4. Trauma and Expressive Arts Therapy: Brain, Body, and Imagination in the Healing Process
Author Cathy A. Malchiodi, Ph.D.
If you’ve tried talk therapy and it only helped so much, or not at all, this is the book for you. Cathy A. Malchiodi, Ph.D., is a pioneering expressive arts therapist who shares decades of research, case studies, and interventions. Expressive arts therapy utilizes bodily and sensory interventions, such as movement, sound, play, art, and drama, to treat trauma—instead of relying solely upon talk therapy. As a trauma therapist, I was able to implement these interventions immediately as this book includes templates and access to a Web page where you can download and print materials. The vast interventions include strategies to enhance relationships, safety, self-regulation, resilience, and mindfulness to name a few. A wonderful benefit of this book is that these interventions are designed for adults and children alike.
5. Healing Trauma: A Pioneering Program for Restoring the Wisdom of Your Body
Author Peter A. Levine, Ph.D.
Trauma lives in your body, and you may need to try strategies that focus specifically on your body in order to recover. Dr. Peter A. Levine expands upon his theory of Somatic Experimenting (SE), which is a type of therapy that focuses on the connection between the mind and body which he introduced in his groundbreaking book Waking the Tiger. Levine provides a how-to guide for using SE including methods for uncovering the physiological roots of your emotions, emergency “first-aid” measures for times of distress, and ways to develop bodily self-awareness in order to “renegotiate” and heal from traumas by “revisiting” them rather than reliving them. SE is highly adaptable as you don’t have to focus solely on these methods, and SE can often be combined with other recovery methods.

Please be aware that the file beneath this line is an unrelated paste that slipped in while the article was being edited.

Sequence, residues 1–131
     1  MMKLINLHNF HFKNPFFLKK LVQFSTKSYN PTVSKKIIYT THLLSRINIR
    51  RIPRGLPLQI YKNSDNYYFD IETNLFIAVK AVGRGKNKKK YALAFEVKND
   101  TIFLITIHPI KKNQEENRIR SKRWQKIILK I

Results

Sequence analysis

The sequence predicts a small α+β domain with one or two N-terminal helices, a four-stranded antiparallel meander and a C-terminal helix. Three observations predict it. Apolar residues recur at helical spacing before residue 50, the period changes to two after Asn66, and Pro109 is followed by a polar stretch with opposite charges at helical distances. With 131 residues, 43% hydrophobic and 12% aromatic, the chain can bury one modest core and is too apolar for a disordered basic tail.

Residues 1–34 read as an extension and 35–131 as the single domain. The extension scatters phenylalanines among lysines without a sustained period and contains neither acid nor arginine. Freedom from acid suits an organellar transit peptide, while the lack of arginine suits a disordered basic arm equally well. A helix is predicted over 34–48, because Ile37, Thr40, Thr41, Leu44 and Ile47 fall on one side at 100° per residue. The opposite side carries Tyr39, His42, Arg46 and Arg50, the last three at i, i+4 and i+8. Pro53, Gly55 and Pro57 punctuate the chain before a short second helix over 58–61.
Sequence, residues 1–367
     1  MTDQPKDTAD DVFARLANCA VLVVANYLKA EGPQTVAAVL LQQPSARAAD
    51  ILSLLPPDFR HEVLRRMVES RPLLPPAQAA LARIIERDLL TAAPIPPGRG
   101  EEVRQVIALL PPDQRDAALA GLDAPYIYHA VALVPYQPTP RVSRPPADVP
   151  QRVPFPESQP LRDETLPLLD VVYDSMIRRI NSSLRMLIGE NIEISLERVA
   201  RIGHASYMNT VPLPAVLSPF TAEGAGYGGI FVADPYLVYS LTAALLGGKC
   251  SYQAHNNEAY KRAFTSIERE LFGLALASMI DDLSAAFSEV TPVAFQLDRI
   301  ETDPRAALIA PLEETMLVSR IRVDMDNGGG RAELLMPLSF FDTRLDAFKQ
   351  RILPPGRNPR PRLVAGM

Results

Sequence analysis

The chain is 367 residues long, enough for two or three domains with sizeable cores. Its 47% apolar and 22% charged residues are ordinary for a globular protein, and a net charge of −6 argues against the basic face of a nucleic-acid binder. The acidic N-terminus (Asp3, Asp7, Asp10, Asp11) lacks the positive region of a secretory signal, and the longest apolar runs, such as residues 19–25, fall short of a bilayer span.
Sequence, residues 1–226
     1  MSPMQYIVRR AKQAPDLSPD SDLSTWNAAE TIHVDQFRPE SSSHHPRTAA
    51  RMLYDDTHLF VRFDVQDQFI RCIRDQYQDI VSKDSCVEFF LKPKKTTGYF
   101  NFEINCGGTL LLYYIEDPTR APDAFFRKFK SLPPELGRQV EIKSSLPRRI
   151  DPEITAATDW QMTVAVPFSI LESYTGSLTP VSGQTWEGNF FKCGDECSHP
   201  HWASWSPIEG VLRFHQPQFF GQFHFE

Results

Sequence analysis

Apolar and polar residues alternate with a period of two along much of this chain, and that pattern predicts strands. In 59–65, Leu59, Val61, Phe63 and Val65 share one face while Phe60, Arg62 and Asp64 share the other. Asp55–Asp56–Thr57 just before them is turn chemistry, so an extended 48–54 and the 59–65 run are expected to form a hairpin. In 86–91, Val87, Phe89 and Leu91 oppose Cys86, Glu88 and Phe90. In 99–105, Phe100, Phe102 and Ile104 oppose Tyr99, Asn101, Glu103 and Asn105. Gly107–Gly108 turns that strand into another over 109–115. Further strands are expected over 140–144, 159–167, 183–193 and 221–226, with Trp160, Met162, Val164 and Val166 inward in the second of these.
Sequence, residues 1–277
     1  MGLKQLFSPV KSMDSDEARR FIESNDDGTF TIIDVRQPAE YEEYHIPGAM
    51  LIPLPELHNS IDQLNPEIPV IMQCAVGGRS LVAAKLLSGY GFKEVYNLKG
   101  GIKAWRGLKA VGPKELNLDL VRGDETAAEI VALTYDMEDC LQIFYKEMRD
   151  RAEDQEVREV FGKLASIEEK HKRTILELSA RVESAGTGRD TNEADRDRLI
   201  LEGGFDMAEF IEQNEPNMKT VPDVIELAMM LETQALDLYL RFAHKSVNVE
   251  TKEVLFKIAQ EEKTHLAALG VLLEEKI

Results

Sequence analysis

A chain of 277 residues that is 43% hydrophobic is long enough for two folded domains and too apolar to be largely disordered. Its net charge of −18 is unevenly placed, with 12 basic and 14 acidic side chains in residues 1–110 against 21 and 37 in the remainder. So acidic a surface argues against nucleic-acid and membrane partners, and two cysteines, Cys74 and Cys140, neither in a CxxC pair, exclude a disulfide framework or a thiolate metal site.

6. Warriors of Love
Author and illustrator: Nina Mutik
Need an illustrated, validating, and uplifting book about complex trauma? Are you looking for a book to read to children? Artist Nina Mutik has created a 10-page booklet suitable for adults and children. It’s simple and to the point, with amazing illustrations. Mutik tackles the difficult topics of developmental trauma and attachment, making them accessible to a general audience. Mutik doesn’t hide behind a word such as “healing,” but instead focuses on the strength of trauma survivors who’ve had to battle in order to learn to love. This book isn’t only for survivors, as Mutik also conveys important messages for those whose loved ones are trauma survivors.
Wait, what about Bessel van der Kolk’s The Body Keeps the Score, I do recommend this book, but not as a must-read for complex trauma survivors. The Body Keeps the Score Focuses mostly on PTSD and single-event trauma. If your trauma originates from one or a small handful of specific events (such as an auto accident, medical procedure, or rape), The Body Keeps the Score might be a good fit. Yet, those who’ve experienced complex trauma might feel excluded.